The amended Citizenship Act does not affect any Indian citizen, including Muslims, and they enjoy fundamental rights conferred on them by the Constitution, the Home Ministry said on Tuesday, seeking to counter a 'misinformation campaign' on the issue.
It also said the Act does not have anything to do with the deportation of any foreigner in India.
'There has been a misinformation campaign. The Citizenship (Amendment) Act or CAA does not affect any Indian citizen, including Muslim citizens,' it said in response to a set of Frequently Asked Questions (FAQs) on the controversial legislation that has led to violent protests in some parts of the country, including the national capital.
The set of answers to the FAQs was released by the ministry.
The new law is relevant only for Hindu, Sikh, Jain, Buddhist, Parsi and Christian foreigners who have migrated from Pakistan, Bangladesh and Afghanistan to India up to December 31, 2014, on account of persecution faced by them due to their religion, the home ministry said.
'It does not apply to any other foreigners, including Muslims, migrating to India from any country, including these three countries,' it said and clarified that the CAA does not have anything to do with the deportation of any foreigner in India.
The ministry said that the deportation process of any foreigner irrespective of religion or country is implemented as per the mandate of the Foreigners Act, 1946 and/or the Passport (Entry into India) Act, 1920.
'These two laws govern entry, stay, movement within India and exit from India of all foreigners irrespective of their religion or country.Therefore, the usual deportation process would apply to any illegal foreigner staying in India,' it said, in response to the question whether or not Muslim immigrants from these three countries will be deported under the CAA.
The ministry said deportation of any foreigner is a well-considered judicial process which is based on a proper enquiry by the local police or administrative authorities to detect such illegal foreigners.
"It is ensured that such an illegal foreigner has been issued proper travel document by the embassy of his country so that he can be duly received by officials of his country when he is deported," it said.
In Assam, the process of deportation happens only after determination of such a person as a 'foreigner' under the Foreigners Act, 1946, the ministry said.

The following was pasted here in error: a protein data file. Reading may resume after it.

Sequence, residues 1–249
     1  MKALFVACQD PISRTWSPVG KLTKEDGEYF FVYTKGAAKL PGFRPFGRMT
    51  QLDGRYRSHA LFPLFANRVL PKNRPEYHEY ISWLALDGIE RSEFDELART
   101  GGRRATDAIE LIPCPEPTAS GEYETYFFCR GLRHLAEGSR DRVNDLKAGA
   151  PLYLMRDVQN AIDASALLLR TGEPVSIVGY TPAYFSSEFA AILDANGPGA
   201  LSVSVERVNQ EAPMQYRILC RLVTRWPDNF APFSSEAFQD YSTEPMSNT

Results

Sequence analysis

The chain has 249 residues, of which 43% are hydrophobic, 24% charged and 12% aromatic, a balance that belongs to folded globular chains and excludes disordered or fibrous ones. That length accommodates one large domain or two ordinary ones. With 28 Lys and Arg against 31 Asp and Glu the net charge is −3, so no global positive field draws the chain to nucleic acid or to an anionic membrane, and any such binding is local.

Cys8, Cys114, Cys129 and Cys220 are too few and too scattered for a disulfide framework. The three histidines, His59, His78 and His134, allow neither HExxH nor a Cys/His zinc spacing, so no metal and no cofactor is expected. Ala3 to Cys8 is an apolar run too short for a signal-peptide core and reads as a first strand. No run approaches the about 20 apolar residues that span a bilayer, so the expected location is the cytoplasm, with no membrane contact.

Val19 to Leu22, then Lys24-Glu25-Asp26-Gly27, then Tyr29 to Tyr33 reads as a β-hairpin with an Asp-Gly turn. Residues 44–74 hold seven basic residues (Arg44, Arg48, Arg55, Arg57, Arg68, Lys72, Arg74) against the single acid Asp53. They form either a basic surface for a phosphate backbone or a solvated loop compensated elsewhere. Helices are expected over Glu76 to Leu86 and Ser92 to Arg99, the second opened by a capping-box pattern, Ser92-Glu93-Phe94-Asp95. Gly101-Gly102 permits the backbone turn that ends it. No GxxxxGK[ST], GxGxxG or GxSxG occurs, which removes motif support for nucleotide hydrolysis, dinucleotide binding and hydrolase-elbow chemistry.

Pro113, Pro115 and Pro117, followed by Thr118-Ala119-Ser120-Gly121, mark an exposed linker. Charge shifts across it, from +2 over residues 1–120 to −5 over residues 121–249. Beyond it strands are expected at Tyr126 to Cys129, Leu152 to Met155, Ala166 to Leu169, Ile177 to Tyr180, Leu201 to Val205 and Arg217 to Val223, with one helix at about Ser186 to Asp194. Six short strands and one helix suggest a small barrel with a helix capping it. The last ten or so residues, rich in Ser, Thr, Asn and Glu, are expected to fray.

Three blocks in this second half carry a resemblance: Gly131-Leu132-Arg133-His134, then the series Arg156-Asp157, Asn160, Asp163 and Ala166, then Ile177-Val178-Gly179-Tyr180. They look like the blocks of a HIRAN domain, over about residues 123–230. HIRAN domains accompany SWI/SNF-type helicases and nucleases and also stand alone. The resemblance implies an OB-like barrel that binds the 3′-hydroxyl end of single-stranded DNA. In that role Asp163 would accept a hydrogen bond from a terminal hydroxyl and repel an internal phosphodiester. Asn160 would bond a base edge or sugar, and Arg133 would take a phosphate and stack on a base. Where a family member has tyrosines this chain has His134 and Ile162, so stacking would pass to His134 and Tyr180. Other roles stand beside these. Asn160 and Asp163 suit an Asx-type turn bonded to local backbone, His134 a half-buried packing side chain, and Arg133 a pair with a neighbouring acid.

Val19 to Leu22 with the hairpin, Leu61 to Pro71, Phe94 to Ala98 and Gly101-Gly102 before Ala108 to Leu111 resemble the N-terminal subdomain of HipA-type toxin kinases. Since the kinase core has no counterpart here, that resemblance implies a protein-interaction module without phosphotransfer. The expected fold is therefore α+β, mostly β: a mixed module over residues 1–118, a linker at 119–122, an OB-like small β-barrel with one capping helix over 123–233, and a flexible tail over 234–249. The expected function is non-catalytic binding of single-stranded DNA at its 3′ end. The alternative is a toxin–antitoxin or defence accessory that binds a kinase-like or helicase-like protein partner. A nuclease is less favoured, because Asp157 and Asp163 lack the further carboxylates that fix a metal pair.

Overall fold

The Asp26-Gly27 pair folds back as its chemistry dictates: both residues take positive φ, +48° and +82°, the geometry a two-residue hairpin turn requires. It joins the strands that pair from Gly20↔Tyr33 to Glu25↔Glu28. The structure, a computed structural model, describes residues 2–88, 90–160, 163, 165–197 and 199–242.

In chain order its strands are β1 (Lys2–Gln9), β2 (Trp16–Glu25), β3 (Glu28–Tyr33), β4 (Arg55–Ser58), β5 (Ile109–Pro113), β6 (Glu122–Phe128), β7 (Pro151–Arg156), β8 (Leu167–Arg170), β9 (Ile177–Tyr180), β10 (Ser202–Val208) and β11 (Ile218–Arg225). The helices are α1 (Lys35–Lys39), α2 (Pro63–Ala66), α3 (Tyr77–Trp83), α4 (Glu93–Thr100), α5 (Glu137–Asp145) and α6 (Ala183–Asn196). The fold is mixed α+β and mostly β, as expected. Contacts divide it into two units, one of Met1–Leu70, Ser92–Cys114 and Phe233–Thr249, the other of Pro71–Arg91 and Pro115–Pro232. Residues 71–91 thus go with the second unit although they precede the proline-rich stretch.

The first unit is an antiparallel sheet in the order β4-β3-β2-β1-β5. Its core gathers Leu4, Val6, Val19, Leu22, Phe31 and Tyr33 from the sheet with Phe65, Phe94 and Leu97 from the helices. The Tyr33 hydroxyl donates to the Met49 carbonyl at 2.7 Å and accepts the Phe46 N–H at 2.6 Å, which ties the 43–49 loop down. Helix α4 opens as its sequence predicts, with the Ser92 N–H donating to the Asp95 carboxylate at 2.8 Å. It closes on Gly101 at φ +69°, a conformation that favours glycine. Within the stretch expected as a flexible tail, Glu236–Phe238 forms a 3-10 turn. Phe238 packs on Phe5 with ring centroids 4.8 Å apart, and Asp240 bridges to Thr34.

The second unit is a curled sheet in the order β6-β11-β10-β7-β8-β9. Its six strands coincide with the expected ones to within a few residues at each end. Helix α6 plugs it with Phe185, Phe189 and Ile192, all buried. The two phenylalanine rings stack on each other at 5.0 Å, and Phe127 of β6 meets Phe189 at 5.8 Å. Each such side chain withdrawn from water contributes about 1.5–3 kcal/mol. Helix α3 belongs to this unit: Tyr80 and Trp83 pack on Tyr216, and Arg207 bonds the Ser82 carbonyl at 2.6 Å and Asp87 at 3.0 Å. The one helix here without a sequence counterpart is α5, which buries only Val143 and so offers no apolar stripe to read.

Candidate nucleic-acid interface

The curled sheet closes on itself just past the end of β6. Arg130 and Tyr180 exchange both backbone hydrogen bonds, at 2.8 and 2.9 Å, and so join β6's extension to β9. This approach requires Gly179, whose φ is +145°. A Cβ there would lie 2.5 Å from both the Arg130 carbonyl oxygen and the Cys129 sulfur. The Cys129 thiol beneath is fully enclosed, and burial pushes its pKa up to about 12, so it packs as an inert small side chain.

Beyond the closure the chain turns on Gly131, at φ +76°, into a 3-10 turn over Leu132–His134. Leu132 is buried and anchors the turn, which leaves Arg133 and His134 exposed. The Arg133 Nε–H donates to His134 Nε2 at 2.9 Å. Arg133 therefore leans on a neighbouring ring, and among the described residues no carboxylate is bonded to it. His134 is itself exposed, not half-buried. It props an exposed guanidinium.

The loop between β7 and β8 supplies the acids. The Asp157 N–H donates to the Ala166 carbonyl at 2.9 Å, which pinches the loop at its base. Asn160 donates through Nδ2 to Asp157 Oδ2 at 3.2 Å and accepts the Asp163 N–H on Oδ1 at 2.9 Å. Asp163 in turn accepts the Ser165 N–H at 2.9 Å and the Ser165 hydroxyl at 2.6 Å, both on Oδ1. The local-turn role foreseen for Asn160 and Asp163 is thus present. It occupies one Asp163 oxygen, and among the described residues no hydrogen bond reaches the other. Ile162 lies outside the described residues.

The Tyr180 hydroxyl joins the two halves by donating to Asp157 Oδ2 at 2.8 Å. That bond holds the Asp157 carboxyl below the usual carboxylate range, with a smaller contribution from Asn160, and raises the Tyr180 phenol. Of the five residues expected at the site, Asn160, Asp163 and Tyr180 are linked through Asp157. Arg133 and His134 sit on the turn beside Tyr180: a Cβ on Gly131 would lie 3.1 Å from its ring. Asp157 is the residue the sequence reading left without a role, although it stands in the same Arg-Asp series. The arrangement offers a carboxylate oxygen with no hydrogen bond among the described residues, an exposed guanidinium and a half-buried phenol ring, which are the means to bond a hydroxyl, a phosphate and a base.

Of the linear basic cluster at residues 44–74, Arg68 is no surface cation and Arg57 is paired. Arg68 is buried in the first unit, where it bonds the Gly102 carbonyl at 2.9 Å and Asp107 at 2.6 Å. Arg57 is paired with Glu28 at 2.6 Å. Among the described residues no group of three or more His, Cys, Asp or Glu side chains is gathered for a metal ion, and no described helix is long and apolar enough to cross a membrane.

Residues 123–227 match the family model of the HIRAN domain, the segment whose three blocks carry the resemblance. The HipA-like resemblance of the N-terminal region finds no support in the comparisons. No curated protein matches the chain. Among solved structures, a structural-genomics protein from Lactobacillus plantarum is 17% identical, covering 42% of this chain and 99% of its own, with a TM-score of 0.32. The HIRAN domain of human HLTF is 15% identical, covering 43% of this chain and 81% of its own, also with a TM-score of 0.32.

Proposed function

"Then he becomes liable for deportation. Therefore, there is nothing automatic, mechanical or discriminatory in this exercise.
'State governments and their district level authorities enjoy the power of the central government under section 3 of the Foreigners Act and section 5 of the Passport (Entry into India) Act, 1920, to detect, detain and deport any illegal foreigner," it said.
To a question that Muslims from Pakistan, Bangladesh and Afghanistan can never get Indian citizenship, the ministry said 'No'.
'The present legal process of acquiring Indian citizenship by any foreigner of any category through naturalization (Section 6 of the Citizenship Act) or through registration (Section 5 of the Act) stays operational. The CAA does not amend or alter it in any manner whatsoever,' it said.
The home ministry said that hundreds of Muslims migrating from these three countries have been granted Indian citizenship during the last few years.
'If found eligible, all such future migrants shall also get Indian citizenship irrespective of their numbers or religion,' it said.
In 2014, after the settlement of Indo-Bangladesh boundary issues, 14,864 Bangladeshi citizens were given Indian citizenship when their enclaves were incorporated into the territory of India. Thousands of these foreigners were muslims, the ministry said.
It clarified that Hindus facing persecution on grounds of religion in any other country -- other than Pakistan, Bangladesh and Afghanistan -- cannot apply under CAA.
'They will have to apply through the usual process to get Indian citizenship just like any other foreigner for either registration or naturalisation as a citizen of India. They would get no preference under The Citizenship Act, 1955 even after the CAA,' the MHA said.
It said the CAA does not apply to any Indian citizen at all.
'All Indian citizens enjoy the fundamental rights guaranteed by the Constitution of India. CAA is not meant to deprive any Indian citizen of his citizenship.
'Rather it is a special law to enable certain foreigners facing a particular situation in three neighbouring countries to get Indian citizenship,' the ministry said.
It said the CAA has nothing to do with NRC.
'The legal provisions regarding NRC have been part of The Citizenship Act, 1955 since December, 2004. Also, there are specific statutory rules of 2003 to operationalise these legal provisions.
'They govern the process of registration of Indian citizens and issuance of national identity cards to them.
'These legal provisions have been on the statute books since last 15-16 years. The CAA has not altered them in any way whatsoever,' the ministry said.
The home ministry said that appropriate rules under the CAA are being framed.
'They will operationalise various provisions of the CAA,' it added.